Although no clear criteria exist for differentiating neurogenic from idiopathic DO, it has been suggested that unstable bladder contractions occurring as a result of neurological disease may be more likely to result in urge incontinence (17) and have a greater amplitude. Regardless, perhaps the most common urodynamic pattern seen in patients with idiopathic OAB is symptomatic urgency reported during filling without the finding of DO (so-called sensory urgency). It is well established that, in up to 74% of patients with frequency or urgency symptoms and in as many as half of patients with urge UI, DO may not be seen during urodynamic testing (18). Interestingly, data suggest that, of the four symptoms most commonly associated with OAB (frequency, urgency, nocturia, and urge incontinence), it is the specific complaint of frequency that may be most readily linked to the urodynamic finding of DO (19). Frequency and urgency symptoms and urge incontinence all appear to be associated with earlier first sensation during UDS.
In general, nonphasic low-grade overactive contractions during voiding appear to be the most common pattern seen with idiopathic detrusor overactivity.
In general, these contractions are associated with urgency. Frequently, simultaneous electromyographic activity associated with a conscious contraction of the pelvic floor to avoid leakage is also seen (Fig. 1).
Idiopathic detrusor overactivity need not always be completely benign, however.
Even patients without a clear neurological basis for their overactivity may experience intense detrusor spasms resulting in significant incontinence. Presumed bladder wall damage from other processes, such as radiation, may induce changes in bladder wall compliance (Fig. 2), resulting in severe frequency and OAB symptoms.
Radiation can also induce high-grade bladder overactivity even several years out from the time of treatment, as seen in the urodynamics obtained from a woman who was over two decades out from radiation treatment for uterine cancer who suffered from intense urinary urgency and extreme frequency (Fig. 3).
Stress-induced OAB contractions have also been described. Although the precise etiology is not proven, it is believed that coughing or other maneuvers that induce urine to be deposited beyond the bladder neck into the proximal urethra can induce bladder overactivity.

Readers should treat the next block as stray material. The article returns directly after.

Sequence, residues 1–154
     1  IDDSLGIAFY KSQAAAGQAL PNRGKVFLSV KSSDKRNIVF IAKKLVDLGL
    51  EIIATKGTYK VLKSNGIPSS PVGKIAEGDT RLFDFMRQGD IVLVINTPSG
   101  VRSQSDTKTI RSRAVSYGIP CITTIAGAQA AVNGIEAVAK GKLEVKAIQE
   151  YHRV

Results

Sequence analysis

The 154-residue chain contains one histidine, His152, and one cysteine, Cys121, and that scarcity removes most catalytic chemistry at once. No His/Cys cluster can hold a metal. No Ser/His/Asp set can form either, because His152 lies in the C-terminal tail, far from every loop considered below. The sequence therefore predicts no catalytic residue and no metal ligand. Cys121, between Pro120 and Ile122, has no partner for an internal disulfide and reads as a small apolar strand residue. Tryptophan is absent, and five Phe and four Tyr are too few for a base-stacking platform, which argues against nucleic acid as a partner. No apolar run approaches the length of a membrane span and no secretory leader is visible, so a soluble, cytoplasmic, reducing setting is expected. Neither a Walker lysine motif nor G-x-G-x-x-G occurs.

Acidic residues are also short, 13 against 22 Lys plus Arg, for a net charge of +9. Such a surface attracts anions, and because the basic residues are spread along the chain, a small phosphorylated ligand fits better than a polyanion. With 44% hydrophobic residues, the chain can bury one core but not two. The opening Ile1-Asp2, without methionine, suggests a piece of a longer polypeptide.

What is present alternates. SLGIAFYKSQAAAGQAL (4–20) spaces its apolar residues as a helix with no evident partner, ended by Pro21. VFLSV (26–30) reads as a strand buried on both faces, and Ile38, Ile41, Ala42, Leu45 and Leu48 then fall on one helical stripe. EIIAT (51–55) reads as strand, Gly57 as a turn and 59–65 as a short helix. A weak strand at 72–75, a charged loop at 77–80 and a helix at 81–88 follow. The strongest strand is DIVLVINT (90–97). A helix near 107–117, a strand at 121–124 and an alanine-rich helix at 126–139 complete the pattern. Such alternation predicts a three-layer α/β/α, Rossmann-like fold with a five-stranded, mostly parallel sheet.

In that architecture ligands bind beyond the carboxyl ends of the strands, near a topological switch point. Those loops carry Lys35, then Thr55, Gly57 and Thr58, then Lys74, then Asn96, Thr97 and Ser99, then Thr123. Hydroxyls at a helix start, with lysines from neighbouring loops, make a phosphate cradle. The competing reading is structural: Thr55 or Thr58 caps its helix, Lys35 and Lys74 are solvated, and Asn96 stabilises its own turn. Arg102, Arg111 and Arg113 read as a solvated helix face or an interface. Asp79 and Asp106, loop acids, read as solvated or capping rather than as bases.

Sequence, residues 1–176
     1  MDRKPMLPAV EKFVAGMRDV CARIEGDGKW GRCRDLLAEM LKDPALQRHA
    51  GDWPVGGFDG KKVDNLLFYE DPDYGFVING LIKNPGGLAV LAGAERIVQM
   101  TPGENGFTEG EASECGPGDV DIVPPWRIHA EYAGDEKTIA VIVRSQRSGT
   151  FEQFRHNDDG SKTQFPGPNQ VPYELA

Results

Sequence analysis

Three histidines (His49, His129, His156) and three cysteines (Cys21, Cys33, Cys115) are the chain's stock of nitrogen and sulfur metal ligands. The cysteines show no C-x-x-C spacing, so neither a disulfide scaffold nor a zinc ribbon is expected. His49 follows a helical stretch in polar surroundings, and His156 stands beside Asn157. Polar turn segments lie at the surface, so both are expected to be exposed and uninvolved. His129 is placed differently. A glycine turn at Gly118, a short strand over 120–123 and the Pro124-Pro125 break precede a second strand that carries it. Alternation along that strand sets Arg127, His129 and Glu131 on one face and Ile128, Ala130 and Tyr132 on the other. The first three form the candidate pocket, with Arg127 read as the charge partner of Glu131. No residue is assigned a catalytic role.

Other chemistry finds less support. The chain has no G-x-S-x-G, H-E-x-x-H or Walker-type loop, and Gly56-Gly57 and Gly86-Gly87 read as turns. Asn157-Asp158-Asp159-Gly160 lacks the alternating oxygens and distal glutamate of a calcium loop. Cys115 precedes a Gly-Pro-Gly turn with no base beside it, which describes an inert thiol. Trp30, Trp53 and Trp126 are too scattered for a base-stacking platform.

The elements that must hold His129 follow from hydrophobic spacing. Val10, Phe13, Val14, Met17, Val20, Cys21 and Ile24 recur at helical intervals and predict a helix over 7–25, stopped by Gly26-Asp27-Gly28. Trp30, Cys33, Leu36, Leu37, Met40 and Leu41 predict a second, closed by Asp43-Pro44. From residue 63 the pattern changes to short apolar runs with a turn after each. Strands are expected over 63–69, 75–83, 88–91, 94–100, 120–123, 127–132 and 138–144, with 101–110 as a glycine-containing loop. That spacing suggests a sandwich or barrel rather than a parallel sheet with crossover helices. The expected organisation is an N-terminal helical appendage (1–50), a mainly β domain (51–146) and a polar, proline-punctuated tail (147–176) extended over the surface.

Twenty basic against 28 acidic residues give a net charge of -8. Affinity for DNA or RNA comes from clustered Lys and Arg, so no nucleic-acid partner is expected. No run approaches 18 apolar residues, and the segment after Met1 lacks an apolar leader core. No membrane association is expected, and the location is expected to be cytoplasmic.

Typically, leakage associated with stress-induced overactivity is difficult to differentiate based on history or physical examination alone, and UDS are the most effective means of determining the true cause of incontinence, which often is a result of both sphincteric weakness and abnormal detrusor instability (Fig. 4).
Terminal detrusor overactivity, which occurs at the end of filling, can develop in the absence of any definable intrinsic bladder or bladder outlet abnormality and may be associated with urge incontinence when the bladder contraction cannot be suppressed (Fig. 5).
In an analysis of urodynamic characteristics of DO, Defreitas and colleagues noted that men with BOO-induced DO were more likely to have terminal DO only in comparison with men with DO secondary to Parkinson’s disease (PD), in whom the DO occurred throughout filling (17). In many cases, the urge to void can be temporarily suppressed, and the bladder contraction itself can subside if filling is terminated.
Fig. 4. Stress-induced detrusor overactivity. Note detrusor contraction (closed arrow) induced by cough
and Valsalva. Patient leaks with both cough/Valsalva and at time of detrusor overactive contraction.
Fig. 5. Terminal detrusor overactivity. Note detrusor contraction occurs prior to terminating filling and
is associated with urgency. Patient was not instructed to suppress voiding. Note sphincteric relaxation.
If terminal DO occurs after a normal fill volume, then typically this urodynamic pattern would be associated with urgency and potential urge incontinence episodes in the absence of severe frequency.
Gary E. Lemack, MD